Obliterating Objections to Independence

Many people dismiss independence for Hawaiʻi with unsupported arguments that it is too small (in terms of population and economically),that a monarchy is an archaic form of government, or that the need for a military is an insurmountable one. None of these arguments have really been scrutinized – I do so here:

1. According to Wolfram Alpha, at $75.24 Billion, Hawaiʻi would be the 67th largest GDP out of 204 countries (there would be 205). Ironically, Cuba would be the next largest GDP at $66 Billion, but they have almost exactly ten times the population of Hawaiʻi (11 million). Of course, Hawaiʻi’s GDP would likely go down, but it is so much larger than the smallest economies, it is still quite possible that quality of life could be high. Tonga, for example, has about a $200 million economy, yet has no homelessness or starvation.

Cuba

2. Monarchy is one of the most common forms of government in the world. Many countries that we think of as “democracies” (i.e., not monarchies, because the two must be incompatible) actually have monarchs: the UK (which includes Australia, New Zealand and Canada), Belgium, Japan (emperor), Denmark, the Netherlands, Spain, Sweden, and Thailand.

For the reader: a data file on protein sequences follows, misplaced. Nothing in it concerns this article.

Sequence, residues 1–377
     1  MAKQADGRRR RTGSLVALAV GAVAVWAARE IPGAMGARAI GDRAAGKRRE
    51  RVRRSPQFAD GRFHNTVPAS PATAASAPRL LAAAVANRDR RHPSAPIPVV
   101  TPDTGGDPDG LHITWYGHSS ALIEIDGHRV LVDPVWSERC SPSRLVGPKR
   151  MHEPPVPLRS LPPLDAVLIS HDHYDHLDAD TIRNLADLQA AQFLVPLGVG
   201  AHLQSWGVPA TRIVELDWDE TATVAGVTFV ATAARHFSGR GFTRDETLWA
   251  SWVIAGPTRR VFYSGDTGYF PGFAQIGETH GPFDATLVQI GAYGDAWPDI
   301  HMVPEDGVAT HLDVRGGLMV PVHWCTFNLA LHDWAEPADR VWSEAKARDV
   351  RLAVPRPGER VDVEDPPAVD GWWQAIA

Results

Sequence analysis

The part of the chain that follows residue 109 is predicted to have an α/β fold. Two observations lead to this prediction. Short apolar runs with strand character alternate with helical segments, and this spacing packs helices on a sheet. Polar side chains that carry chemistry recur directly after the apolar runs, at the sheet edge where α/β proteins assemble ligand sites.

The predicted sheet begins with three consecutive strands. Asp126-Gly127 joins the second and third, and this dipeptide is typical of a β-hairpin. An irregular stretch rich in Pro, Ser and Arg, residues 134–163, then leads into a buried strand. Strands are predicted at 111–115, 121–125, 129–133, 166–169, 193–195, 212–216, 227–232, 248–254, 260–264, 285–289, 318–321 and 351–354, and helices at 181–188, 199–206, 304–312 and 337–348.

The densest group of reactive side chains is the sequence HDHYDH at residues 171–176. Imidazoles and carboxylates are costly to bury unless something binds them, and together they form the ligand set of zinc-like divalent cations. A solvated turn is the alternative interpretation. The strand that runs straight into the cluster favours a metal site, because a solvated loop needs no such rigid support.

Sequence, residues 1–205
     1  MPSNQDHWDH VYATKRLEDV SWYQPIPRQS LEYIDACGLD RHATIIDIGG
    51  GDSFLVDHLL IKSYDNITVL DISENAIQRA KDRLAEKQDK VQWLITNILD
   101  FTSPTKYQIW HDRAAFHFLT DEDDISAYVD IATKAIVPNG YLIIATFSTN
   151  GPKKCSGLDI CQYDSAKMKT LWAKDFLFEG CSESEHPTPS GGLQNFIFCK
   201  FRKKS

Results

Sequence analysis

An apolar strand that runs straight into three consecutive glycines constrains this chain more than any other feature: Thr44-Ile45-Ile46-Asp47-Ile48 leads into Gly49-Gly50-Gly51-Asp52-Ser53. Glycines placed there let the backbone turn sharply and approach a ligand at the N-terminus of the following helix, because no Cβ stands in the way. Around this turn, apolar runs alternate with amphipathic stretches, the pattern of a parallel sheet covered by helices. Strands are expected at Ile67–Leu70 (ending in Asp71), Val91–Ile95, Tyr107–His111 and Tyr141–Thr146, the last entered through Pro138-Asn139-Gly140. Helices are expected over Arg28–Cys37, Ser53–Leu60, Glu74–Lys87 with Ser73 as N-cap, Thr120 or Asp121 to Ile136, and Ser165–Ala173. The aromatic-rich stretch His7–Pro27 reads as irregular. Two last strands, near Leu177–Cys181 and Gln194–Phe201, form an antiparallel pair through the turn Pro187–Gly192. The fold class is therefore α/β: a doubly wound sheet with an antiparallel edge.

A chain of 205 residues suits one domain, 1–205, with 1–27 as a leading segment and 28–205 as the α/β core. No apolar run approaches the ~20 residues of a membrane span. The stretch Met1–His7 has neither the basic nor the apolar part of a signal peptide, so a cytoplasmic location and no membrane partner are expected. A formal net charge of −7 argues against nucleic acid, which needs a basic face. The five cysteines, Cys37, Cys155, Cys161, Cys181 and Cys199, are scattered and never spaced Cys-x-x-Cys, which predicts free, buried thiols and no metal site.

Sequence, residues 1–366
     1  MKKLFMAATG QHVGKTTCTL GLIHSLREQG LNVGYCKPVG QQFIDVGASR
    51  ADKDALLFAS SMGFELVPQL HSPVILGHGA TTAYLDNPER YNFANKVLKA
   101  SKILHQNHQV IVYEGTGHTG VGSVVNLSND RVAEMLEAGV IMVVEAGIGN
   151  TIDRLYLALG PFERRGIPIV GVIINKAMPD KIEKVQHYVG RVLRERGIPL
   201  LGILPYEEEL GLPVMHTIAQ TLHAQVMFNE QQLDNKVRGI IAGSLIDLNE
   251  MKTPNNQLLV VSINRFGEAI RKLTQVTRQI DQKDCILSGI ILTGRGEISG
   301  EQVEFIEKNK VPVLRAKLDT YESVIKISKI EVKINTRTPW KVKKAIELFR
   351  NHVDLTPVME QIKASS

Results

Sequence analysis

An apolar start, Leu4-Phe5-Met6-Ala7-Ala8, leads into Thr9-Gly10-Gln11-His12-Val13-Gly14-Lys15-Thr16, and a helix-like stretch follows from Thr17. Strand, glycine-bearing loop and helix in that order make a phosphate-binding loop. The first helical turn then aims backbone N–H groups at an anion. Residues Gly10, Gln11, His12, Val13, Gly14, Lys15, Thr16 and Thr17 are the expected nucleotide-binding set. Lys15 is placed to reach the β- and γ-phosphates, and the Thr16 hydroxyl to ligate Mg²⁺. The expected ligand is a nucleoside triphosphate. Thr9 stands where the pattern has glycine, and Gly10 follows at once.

King Willem-Alexander of the Netherlands

3. In today’s security environment, a military is not entirely necessary – or so say Haiti, Mauritius, Panama, and the Federated States of Micronesia. Admittedly, these all have security arrangements, but Costa Rica does not.

4. Epeli Hauʻofa’s concept of the Pacific as a “sea of islands” challenged the prevailing idea of Pacific smallness. Hawaiʻi is relatively huge (both in population and land mass) compared to Tonga, an independent country. Hawaiʻi’s population is larger than the following countries: Bahrain, Estonia, Mauritius, East Timor, Cyprus, Fiji, Bhutan, Montenegro, Solomon Islands, Malta, Brunei.

Tallin, Estonia